WHAT HAS BEEN THE BEST CAREER MOVE OR DECISION YOU’VE MADE SO FAR
I’ve had various jobs scattered around university and school. This isn’t so much of a career move but in terms of one of the most fulfilling jobs I’ve ever had (other than gal-dem) has to be working as a researcher at women for refugee women. They are incredible and for such a small team are able to pump out such an incredible support network for women seeking asylum in this country and have a real impact in the political stage. Their work never stopped.
BALANCE IS THE THEME OF NIKAO’S CHAPTER 5 COLLECTION AND RULE WRITER CAMPAIGN; SO WE’D LIKE YOU TO TELL US A LITTLE MORE ABOUT YOUR VIEWS ON THE TOPIC!
Hah! I’m honestly such a hypocrite when it comes to balance. I’m really trying to get better though. I had a week of chronic migraines recently and I think that was really my body screaming ‘leave me alone and love me please!’ and since then I have gotten a lot better. I’ve done a few things which I can tell have made an active difference in how I’m feeling. I say no a lot more now – you can’t really go and speak at a million events, work with a million people and be your best self all in one go. It’s impossible and I’ve definitely taken myself to the point of burning out on a few occasions. I’m just trying to be kinder to myself, to eat well, exercise (when I can find the time) and do activities and things which aren’t gal-dem or work related. I’m pursuing a few personal projects but at a pace where there is no rush, so they remain enjoyable. My family has recently been shaken up as my step dad is really unwell and he is someone who finds it really hard to switch off, I’m seeing the effects which overworking and stress can have head on, so yeah, I think it’s really important to acknowledge how you and your body feel and be kind to yourself. I’m trying to only do the things I really want to do, the things which feel right and anyway, I think it’s important not to overexpose yourself and your brand. You have to be strategic.
GAL DEM IS GROWING AT AN AMAZING RATE, BUT LIKE MANY OTHER CREATIVES OR DEVELOPING ENTREPRENEURS YOU ARE RUNNING YOUR PROJECT ALONGSIDE HOLDING DOWN A FULL-TIME JOB, AT LEAST UNTIL YOUR PROJECT ALLOWS YOU THE FINANCIAL FREEDOM FOR IT TO BE YOUR MAIN FOCUS. TELL US ABOUT YOUR WORK AT GAL DEM AND YOUR OTHER JOB, AND HOW YOU’VE MANAGED TO BALANCE THE TWO
It’s pretty difficult to balance at times to be honest. My full-time job know about gal-dem and they have been flexible on occasion but I’ve had to make sacrifices to focus on my responsibilities here, which is something I was aware of going into it! I think it’s made easier because I love what I do and there is a degree of overlap. I’d find it really hard if my job was outside of media. There are definitely skills and contacts which I can steal from here and feed into gal-dem and I know that applies to most of the girls who are all working full-time and juggling the most. I’ll be going freelance from August and hopefully we will have office space/a studio by then!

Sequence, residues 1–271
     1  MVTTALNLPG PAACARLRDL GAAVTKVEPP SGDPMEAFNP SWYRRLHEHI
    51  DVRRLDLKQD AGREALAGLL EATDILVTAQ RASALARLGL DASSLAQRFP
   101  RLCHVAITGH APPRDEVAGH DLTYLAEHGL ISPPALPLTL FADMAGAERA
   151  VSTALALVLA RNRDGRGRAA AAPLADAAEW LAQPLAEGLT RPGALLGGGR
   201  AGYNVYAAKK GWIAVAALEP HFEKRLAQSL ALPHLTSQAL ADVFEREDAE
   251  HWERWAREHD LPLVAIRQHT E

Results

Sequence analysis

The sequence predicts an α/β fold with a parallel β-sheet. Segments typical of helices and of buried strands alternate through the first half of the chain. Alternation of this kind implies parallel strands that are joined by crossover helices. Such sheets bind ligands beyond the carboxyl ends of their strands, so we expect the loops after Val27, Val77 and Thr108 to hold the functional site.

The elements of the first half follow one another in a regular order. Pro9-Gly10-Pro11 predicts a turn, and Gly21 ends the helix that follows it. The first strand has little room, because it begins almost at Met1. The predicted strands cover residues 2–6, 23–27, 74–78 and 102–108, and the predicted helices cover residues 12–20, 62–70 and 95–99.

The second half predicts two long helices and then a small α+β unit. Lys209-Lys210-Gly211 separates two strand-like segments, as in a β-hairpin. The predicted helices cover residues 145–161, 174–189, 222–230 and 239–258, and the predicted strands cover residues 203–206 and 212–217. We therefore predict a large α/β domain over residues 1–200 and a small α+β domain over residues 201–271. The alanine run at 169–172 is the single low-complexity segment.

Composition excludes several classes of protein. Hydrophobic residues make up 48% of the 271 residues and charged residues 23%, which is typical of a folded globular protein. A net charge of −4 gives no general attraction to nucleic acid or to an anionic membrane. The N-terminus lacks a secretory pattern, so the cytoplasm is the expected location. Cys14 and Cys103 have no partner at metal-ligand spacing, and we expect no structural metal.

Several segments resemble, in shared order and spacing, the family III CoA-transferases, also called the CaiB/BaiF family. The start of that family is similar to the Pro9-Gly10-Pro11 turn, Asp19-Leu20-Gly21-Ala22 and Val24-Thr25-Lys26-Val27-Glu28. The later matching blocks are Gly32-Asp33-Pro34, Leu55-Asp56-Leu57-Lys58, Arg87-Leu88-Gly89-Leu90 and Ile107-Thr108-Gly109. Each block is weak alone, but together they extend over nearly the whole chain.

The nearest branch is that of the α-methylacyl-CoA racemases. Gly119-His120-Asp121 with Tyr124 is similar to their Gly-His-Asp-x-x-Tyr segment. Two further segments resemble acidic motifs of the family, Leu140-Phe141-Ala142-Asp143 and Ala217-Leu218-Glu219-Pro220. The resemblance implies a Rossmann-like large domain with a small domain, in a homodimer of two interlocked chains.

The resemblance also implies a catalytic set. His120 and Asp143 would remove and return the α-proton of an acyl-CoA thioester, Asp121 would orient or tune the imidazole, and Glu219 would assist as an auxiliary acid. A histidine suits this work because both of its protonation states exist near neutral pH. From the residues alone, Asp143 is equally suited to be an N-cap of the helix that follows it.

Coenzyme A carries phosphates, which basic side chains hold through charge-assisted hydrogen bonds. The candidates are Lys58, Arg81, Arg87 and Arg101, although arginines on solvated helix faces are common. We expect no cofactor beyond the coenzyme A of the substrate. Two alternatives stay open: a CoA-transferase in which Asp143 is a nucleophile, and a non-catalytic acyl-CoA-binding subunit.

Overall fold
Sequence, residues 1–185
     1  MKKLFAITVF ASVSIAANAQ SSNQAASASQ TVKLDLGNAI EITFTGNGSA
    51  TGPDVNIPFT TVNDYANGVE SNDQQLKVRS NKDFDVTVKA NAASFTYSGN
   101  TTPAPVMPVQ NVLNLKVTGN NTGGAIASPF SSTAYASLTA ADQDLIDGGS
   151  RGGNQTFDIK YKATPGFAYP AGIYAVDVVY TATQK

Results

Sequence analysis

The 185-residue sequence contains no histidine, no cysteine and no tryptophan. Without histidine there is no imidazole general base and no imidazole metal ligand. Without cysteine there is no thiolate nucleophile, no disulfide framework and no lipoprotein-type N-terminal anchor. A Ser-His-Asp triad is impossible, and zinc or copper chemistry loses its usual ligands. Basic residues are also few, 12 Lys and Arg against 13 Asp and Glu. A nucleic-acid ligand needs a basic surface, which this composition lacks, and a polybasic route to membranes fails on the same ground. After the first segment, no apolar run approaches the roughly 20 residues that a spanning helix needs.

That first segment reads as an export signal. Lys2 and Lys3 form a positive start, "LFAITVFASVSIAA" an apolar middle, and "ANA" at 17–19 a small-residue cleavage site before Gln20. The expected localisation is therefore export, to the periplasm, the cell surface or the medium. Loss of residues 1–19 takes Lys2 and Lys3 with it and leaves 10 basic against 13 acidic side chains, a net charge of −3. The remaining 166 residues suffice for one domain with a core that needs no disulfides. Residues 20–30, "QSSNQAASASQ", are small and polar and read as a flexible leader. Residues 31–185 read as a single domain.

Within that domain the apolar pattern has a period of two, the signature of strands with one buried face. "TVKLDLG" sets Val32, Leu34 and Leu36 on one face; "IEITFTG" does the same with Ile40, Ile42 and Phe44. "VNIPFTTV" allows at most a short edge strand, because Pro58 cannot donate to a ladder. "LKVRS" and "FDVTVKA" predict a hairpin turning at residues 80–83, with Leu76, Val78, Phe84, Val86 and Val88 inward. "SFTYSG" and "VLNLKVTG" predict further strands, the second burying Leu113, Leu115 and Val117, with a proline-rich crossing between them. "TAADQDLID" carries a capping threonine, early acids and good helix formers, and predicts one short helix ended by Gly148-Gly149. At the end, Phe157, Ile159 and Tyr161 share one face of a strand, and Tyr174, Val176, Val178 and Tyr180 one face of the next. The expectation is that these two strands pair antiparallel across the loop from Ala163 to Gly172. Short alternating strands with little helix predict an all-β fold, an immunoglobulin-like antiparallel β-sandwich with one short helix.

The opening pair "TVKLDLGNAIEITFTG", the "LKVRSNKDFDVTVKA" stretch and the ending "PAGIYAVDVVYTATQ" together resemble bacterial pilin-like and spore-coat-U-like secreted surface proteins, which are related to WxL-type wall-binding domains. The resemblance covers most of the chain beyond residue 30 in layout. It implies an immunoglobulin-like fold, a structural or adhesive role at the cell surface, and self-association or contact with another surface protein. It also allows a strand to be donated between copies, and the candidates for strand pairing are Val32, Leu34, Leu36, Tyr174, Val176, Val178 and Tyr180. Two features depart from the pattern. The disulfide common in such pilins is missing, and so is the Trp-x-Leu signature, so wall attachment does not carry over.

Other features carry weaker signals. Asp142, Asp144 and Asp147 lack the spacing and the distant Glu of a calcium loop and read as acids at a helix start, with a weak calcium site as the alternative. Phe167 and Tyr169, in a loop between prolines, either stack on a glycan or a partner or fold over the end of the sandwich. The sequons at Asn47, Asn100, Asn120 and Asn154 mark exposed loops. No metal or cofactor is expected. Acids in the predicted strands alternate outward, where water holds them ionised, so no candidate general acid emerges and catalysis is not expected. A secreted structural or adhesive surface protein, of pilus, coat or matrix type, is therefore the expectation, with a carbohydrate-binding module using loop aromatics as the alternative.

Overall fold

WHAT HAS BEEN THE BIGGEST HIGH OF YOUR CAREER SO FAR
I think curating our first V&A takeover. That was iconic and to be honest I wasn’t expecting that kind of reception. That was a really big day for us, a really big day. I still look back on the pictures, videos and articles written about that night and feel emotional.
WHAT HAS BEEN THE BIGGEST LOW OF YOUR CAREER SO FAR – HAVE YOU HAD TO OVERCOME ANY MAJOR STRUGGLES, ADVERSITIES OR OBSTACLES
Obstacles present themselves all the time and to be honest, more often than not, these tend to come from people misrepresenting the work we do, not respecting our wishes or being outright sloppy. This could be a stylist not listening to what we want on a shoot, make-up artists not coming prepared to work with your skin, working with bouncers who are disrespectful towards the women at our events, being misquoted in an article or people reaching out to us in a disrespectful or sloppy way. But I think all of these things can be channeled into something positive, we learn a lot from all of the unfavourable experiences which we have. We know which venues and brands we will and won’t work with from it and we have learnt that we are well within our right to voice our concerns and opinions.
ARE THERE ANY AREAS OF YOUR LIFE WHERE YOU STRUGGLE TO FIND A BALANCE
I think in my last relationship, I was an absolute work-horse and couldn’t switch off my phone even for an hour or two. I’m trying to have times now where my phone and emails are off-limit and I just read a book, listen to a podcast or watch some TV. Just do something pretty mundane to allow my brain to switch off.